Clearwire's success hinges on wholesale offerings

As Clearwire rolls out its mobile WiMAX network in existing and new markets and intentionally pulls back on its marketing activities in its 50 pre-WiMAX markets, subscriber additions are falling rather dramatically. But CEO William Morrow is confident that Clearwire's fourth-quarter subscriber numbers will exceed all other 2009 quarters combined.

Can he be believed? The operator reported just 12,000 subscriber additions in the second quarter, compared with 25,000 in the first quarter. Clearwire posted a $73 million loss on revenue of $64 million and churn spiked to 2.8 percent from 2.6 percent the previous year. Investors didn't like it. The stock fell last week and was down almost 5 percent to $6.61 a share when it closed on Friday.

Clearwire basically only marketed service in Portland, Ore., during the quarter, since it launched mobile WiMAX at the beginning of June (about two weeks before the end of the second quarter) in Las Vegas and in Atlanta. While executives said they were pleased with the uptake of the new mobile WiMAX service, we just don't know what the progress is yet. Certainly it would just be nice to know how many of those 12,000 subscribers added were mobile WiMAX customers vs. pre-WiMAX customers so we can judge for ourselves. Apparently, Clearwire won't be breaking those numbers out any time soon.

In order to hit the jackpot in the fourth quarter, Clearwire needs two critical things to happen: smooth rollouts in major markets like Chicago, Philadelphia and Dallas (the operator intends to roll out a total of 25 markets--many of them smaller markets already served by the company's pre-WiMAX service--by the end of 2009) and successful offerings from its wholesale partners.

Fortunately for Clearwire, both Sprint Nextel and Comcast plan to aggressively roll out mobile WiMAX services that mirror Clearwire's rollout. Sprint recently announced plans to introduce WiMAX offerings in 17 new markets before the end of the year. Comcast plans to begin reselling Clearwire's service in Chicago, Philadelphia and Washington state later this year, and is bundling the service with its other high-speed broadband services. Comcast COO Stephen Burke recently said the offering is attracting lapsed DSL subscribers.

Comcast began selling wireless broadband cards for laptops on Clearwire's mobile WiMAX network in Portland, Ore., in June. The company also has expanded the service, called High-Speed 2Go, to Atlanta, and is currently selling the service on promotion for $49.95 per month for a year. After the service resets to $69.95 at the end of the year, Comcast said it expects margins coming from the service to reach 40 percent.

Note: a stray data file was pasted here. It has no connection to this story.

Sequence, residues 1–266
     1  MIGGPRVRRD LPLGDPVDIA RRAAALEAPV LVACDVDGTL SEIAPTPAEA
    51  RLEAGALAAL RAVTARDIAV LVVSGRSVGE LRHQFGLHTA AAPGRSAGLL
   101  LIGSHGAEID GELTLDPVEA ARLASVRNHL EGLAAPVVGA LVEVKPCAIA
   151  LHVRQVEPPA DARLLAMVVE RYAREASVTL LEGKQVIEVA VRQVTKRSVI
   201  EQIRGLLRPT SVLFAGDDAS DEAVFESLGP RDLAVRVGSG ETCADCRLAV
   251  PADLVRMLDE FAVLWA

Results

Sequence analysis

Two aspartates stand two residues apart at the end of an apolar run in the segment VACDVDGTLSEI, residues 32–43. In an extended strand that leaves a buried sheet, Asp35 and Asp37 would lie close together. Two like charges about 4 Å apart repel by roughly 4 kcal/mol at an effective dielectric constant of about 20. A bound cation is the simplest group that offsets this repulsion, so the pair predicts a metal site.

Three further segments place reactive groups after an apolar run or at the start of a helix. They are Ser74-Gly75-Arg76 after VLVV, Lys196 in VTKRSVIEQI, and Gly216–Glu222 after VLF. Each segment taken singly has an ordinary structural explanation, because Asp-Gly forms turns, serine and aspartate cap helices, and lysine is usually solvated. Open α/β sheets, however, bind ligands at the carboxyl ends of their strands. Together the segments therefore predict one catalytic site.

Time Warner Cable, another Clearwire partner and wholesaler, will launch mobile WiMAX service beginning this fall in Dallas and Charlotte, N.C. as well as two other unnamed markets.

To me, Clearwire's ultimate success lies in how well Comcast and Time Warner Cable can penetrate a customer base not yet attracted to standalone 3G offerings. In Portland, Comcast is offering mobile broadband and high-speed home Internet service for $50, a bundle neither AT&T nor Verizon is offering at this point, analyst firm Strategy Analytics recently pointed out. Comcast and Time Warner will have to get creative though before AT&T and Verizon come to market with similar offerings, the firm warned.

In short, bundled offerings aren't going to cut it for long.

On a sad note, Tom Murphy, vice president of Sprint's corporate branding division, was killed Friday near Aspen, Colo., after a boulder fell off the side of a mountain and landed on the SUV he was driving. Tom and his family were on their way home from a family vacation when the accident happened. He is survived by his wife and three sons, one of which was injured in that accident. I had the pleasure of dealing with Tom during the early days of Sprint when he worked in Sprint's corporate communications division. He was an avid outdoorsman who usually had some sort of sports injury when I saw him at trade shows. He was one of the most positive people I've ever met. Our thoughts and prayers are with his family. --Lynnette